After Virtue is a watershed in MacIntyre's career. It follows his emergence from Marxism, but draws on Marxist sources and arguments. It precedes his move to Thomism, but already draws on Augustine and Aquinas. Because of its watershed nature, it has gained a wide readership in various fields but it treats a variety of issues in ways that are unfamiliar either to Marxists schooled in the social sciences or to Thomists schooled in medieval metaphysics.
Reading Alasdair MacIntyre's After Virtue provides a commentary that will be accessible to students, valuable to scholars, and useful to teachers. Students will find help to navigate the two main arguments of After Virtue, to understand its interpretation of history, and to engage its proposal for a form of ethics and politics that returbans to the tradition of the virtues. Scholars will find the book useful as a general guide to MacIntyre's ethics. Teachers will find a book that can help to direct their students' reading and keep classroom discussions focused on the book's central concerns.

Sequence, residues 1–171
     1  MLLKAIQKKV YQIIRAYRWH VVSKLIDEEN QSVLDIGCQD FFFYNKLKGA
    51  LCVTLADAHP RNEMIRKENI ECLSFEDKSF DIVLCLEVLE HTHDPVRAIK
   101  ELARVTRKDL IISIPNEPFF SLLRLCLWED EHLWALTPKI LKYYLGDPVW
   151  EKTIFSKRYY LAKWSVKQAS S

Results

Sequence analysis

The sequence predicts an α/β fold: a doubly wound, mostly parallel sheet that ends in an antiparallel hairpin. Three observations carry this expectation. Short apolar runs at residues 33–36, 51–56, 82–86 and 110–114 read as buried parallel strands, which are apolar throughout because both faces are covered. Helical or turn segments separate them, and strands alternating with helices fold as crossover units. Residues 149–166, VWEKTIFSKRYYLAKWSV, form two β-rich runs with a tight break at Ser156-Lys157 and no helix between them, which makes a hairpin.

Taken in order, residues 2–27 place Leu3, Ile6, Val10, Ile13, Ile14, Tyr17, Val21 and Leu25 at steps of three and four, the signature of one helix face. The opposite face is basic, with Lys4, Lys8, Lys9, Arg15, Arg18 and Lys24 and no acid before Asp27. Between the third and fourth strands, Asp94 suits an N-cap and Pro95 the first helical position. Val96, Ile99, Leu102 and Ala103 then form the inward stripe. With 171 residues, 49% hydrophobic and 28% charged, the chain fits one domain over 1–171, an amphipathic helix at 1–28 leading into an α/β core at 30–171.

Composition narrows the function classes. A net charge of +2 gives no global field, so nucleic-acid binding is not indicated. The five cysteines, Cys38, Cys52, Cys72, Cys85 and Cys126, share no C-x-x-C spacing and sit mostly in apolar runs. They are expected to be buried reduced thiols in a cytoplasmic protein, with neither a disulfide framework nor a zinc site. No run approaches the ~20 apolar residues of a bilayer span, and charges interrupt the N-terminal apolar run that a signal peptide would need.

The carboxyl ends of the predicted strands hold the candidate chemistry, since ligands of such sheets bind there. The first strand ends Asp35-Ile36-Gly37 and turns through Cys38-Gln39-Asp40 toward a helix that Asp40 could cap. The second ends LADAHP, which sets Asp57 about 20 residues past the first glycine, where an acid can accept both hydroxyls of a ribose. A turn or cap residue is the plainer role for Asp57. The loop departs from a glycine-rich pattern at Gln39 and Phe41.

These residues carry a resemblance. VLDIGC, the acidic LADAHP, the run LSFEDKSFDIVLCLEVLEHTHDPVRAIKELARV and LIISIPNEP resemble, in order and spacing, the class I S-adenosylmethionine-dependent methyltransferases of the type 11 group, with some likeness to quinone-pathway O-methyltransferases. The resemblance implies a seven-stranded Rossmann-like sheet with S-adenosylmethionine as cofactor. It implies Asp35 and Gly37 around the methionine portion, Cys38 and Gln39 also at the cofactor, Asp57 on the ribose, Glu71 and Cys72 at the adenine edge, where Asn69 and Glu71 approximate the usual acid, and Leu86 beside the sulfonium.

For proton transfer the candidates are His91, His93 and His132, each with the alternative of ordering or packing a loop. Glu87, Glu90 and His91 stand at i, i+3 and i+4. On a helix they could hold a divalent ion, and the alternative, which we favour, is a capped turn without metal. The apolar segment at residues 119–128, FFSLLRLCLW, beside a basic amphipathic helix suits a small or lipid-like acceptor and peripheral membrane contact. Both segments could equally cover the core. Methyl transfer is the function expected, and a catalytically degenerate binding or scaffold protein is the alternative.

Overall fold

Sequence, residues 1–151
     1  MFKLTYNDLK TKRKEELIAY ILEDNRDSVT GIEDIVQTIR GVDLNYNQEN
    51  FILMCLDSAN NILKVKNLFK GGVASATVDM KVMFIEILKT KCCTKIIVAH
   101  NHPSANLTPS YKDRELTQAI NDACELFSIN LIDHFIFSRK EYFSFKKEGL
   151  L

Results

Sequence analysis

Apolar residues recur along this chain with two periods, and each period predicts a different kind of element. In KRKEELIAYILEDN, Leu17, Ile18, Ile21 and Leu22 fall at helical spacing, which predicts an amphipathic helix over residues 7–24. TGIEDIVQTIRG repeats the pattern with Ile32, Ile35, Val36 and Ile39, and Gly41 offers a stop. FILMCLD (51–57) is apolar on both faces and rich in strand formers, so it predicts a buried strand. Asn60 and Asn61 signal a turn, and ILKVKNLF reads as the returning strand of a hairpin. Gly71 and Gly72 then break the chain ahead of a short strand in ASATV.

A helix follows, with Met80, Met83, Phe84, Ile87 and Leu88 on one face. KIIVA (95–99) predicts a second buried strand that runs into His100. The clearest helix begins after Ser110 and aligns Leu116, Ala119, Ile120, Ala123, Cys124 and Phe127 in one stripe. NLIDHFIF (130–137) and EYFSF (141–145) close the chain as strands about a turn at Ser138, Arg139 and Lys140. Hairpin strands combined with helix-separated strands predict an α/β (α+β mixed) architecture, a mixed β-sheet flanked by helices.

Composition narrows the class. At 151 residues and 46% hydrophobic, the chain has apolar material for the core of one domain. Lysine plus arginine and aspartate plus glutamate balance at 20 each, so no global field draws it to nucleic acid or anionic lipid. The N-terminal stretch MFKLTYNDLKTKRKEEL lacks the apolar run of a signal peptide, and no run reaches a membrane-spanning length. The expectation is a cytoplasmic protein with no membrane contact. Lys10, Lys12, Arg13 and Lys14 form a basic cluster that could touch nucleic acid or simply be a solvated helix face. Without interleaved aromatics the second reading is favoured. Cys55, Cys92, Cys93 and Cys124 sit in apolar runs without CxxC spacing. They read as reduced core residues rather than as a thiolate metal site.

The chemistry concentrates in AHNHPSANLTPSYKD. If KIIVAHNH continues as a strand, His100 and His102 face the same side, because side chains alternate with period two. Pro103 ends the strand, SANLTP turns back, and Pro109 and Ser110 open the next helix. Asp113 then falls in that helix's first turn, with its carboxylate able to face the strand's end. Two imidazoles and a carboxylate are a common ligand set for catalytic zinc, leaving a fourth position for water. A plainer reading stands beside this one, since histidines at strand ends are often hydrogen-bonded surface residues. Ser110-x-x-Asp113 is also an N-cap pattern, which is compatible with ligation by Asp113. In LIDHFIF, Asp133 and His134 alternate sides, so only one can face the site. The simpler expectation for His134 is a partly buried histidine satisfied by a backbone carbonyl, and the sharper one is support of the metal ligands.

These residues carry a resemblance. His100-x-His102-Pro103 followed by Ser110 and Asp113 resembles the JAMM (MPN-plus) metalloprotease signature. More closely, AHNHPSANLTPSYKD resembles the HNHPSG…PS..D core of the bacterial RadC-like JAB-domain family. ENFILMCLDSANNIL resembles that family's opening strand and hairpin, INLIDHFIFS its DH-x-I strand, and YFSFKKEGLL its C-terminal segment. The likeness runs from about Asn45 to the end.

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About the Author
Christopher Stephen Lutz is Associate Professor of Philosophy at
Saint Meinrad Seminary and School of Theology, USA. He is the author of Tradition in the Ethics of Alasdair MacIntyre: Relativism, Thomism, and Philosophy (Lexington Books, 2004; paperback w/ new preface, 2009).
Table of Contents
1. Introduction / 2. A Disquieting Suggestion / 3. Summary of critical argument / 4. Commentary on critical argument / 5. Summary of constructive argument / 6. Commentary on constructive argument / 7. Constructive work since After Virtue / 8. Select Bibliography / Index